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On Thursday, Aug 14, 2003, at 16:01 Europe/Berlin, Bullard, Claude L
> A namespace can name and can even locate implementations. Or it
> can indirectly identify them via RDF, RDDL, etc. Or it can punt
> to the local registry. Combinations such as are used in an
> aggregate document type require a means to aggregate namespaces.
> We do that in the documents now, sometimes by ganging them into
> the root. My intuition is that over time, we discover that only
> certain known combinations are showing up in the roots.
>> if i need to indemnify someone, i am prepared to do it based only on a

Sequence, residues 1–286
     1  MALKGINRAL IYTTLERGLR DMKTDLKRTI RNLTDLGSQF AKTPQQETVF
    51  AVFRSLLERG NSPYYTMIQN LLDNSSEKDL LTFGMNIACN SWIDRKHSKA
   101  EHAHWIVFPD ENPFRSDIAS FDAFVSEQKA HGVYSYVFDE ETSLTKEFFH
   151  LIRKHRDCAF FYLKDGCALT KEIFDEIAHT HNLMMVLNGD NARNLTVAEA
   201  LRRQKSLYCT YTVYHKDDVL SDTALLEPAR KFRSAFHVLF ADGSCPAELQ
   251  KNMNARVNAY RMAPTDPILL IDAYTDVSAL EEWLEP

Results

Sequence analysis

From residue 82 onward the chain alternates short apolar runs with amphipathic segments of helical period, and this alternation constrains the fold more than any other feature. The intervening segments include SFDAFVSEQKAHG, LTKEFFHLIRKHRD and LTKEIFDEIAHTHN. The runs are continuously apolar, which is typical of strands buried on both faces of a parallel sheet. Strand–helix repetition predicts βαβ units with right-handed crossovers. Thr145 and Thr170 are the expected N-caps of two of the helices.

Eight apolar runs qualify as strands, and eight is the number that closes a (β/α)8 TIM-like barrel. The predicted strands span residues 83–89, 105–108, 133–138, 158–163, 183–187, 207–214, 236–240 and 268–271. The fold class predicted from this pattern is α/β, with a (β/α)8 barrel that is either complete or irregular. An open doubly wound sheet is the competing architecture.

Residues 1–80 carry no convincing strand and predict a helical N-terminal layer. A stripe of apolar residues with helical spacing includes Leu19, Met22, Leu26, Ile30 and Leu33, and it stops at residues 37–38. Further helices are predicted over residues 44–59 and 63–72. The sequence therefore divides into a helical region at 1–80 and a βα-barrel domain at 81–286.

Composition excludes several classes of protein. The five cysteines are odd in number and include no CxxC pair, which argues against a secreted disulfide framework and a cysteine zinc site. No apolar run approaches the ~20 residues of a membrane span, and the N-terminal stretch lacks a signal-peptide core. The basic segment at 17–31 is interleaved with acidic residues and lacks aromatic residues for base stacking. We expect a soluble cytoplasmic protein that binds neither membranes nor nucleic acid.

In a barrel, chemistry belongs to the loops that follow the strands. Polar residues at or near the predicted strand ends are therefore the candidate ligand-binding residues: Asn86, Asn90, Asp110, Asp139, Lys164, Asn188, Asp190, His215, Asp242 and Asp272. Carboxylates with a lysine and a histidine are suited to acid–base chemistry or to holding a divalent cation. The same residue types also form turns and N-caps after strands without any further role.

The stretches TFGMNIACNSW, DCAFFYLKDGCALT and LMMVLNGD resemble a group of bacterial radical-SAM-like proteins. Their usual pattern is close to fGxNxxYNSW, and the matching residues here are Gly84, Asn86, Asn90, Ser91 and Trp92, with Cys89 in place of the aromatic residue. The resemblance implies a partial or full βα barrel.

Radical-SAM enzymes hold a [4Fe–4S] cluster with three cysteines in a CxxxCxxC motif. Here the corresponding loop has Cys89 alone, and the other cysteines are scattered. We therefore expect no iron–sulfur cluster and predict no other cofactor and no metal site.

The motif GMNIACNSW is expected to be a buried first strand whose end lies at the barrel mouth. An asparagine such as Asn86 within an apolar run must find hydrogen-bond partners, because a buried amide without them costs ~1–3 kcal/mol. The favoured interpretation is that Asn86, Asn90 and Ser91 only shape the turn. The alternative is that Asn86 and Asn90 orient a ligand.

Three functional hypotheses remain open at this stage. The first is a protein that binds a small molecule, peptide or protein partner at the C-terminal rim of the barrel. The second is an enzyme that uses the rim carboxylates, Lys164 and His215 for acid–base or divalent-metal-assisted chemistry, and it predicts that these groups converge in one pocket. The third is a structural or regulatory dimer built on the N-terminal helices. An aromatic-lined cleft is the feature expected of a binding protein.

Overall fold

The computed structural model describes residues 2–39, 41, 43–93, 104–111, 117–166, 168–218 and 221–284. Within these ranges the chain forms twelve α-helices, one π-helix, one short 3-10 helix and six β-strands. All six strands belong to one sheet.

>> standard which specifies the intended effect of particular
>> of particular symbols. for one thing, it requires less reformulation
>> the implementation in a adequately expressive programming language.
>> another i can expect the implementation to be more stable over time.
>> it does not matter to me how the standard is named.
> But we have these namespace thingies. It seems to be
> yet another "it's in the way that you use it" proposition,
> and that is the essence of symbol grounding.
naming the set of symbols is meaningless. one has to name the
combinations. by which i do not mean the sequencing, dominance, and
lexical constraints one can express in a document definition.
a system which a-priori names the combinations according to the name
used to disambiguate one of the respective lexical tokens is going to
be a dead end.
what does one do with versions? with variations in authority? what does
one call it when it's a soap wrapper only, and a particular payload
only, and in combination only? etc.